Mr. Flores, a citizen of Mexico, was found guilty of "aggravated identity theft" by the trial court and by the Eight Circuit Court of Appeals. The Supreme Court, however, reversed: Flores-Figueroa v. U.S., 2009 U.S. LEXIS 3305 (May 4, 2009).

Mr. Flores gave his employer a false name, birth date, and Social Security number, along with a counterfeit alien registration card. The Social Security number and the number on the alien registration card were not those of a real person. Six years later, Flores presented his employer with new counterfeit Social Security and alien registration cards; these cards (unlike Flores' old alien registration card) used his real name. But this time the numbers of both cards were in fact numbers assigned to other persons.

Flores was charged with entering the United States without inspection, in violation of 8 U.S. C. § 1325(a), and misusing immigration documents, in violation of 18 U.S. C. § 1546 (a). Flores was also charged with a third crime: "aggravated identity theft," 18 U.S.C. §1028A(a)(1), which sought to punish any offender who "knowingly…uses, without lawful authority, a means of identification of anther person."

Flores moved for a judgment of acquittal on the "aggravated identity theft" counts, claiming that the Government could not prove that he knew that the numbers on the counterfeit identify documents belonged to other people. The Government replied that it need not prove that knowledge; it was enough that Flores knew the numbers were not legitimately his own.

The government argued that Congress wanted to provide enhanced protection for individuals whose identifying information is used to facilitate the commission of crimes, and also Congress wanted to encourage potential offenders to "take great care to avoid wrongly using IDs that belong to others."

The trial court and the Court of Appeals found Flores guilty. The Supreme Court, however, in a unanimous decision, reversed and remanded the case.

The Court in essence ruled that Congress had used certain words in the statute; if Congress desired a different result, it should use different words.

Concurring Justice Scalia opined that the text of the statute was clear; if Congress was desirous of making certain conduct criminal, it could easily write new text, accomplishing that purpose. He also criticized those who would consult legislative history "with an eye to making criminal what the text would otherwise permit." 2009 U.S. LEXIS at *21.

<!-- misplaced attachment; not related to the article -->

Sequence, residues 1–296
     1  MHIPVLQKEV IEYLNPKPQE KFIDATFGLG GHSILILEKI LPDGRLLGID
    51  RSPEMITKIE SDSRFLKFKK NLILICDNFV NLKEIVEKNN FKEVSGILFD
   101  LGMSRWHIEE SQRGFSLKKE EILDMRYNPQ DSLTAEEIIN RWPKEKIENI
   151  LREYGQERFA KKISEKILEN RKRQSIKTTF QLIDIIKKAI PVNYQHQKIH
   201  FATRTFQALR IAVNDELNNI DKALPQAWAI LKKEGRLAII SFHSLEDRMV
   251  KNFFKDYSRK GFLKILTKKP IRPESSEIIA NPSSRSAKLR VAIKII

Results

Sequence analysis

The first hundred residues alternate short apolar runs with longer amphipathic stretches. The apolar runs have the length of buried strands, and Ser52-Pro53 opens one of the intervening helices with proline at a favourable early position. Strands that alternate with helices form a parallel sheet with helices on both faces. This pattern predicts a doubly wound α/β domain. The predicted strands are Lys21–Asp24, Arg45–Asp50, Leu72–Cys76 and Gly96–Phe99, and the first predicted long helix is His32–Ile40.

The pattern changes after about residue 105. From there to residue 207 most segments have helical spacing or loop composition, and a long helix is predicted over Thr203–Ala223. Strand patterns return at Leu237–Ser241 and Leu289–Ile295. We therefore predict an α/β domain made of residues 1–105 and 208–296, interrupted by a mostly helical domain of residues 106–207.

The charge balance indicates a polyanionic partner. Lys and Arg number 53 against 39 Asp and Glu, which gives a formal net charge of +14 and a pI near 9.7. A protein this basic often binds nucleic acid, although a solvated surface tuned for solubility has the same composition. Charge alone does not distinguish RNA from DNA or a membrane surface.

"Indeed, it is not unlike the practice of Caligula, who reportedly 'wrote his laws in a very small character, and hung them upon high pillars, the more effectually to ensnare the people,' 1 W. Blackstone, Commentaries on the Laws of England 46 (1765)." 2009 U.S. LEXIS at *22.


The Supreme Court ruled in favor of three not-so-sympathetic aliens:

  1. an armed prison guard who was involved with death,
  2. a non-credible applicant who had filed three motions to reopen; and
  3. a man who entered without inspection, and then gave his employer fake names and numbers.

The Court could easily have not granted certiorari for these cases; it could have easily ruled against these applicants. Instead, it affirmatively protected them. In each case, the Court stated that the intent of Congress was not clear.

Viewed together, these cases demonstrate this rule: before we deport, and before we punish an alien, courts must be sure that they are carrying out the clearly expressed intent of Congress to do so. Words from the Court over sixty years ago in Fong Haw Tan v. Phelan, 333 U.S. 6, 10 (1948) are still real and powerful:

"We resolved the doubts in favor of that construction [avoiding deportation] because deportation is a drastic measure…To construe this statutory provision less generously to the alien might find support in logic. But since the stakes are considerable for the individual, we will not assume that Congress meant to trench on his freedom beyond that which is required by the narrowest of several possible meanings of the words used."

About The Author

David L. Cleveland, Esq. a staff attorney at Catholic Charities of Washington, DC, was Chair of the AILA Asylum Committee (2004-05) and has secured asylum or withholding for people from 28 different countries.

The opinions expressed in this article do not necessarily reflect the opinion of ILW.COM.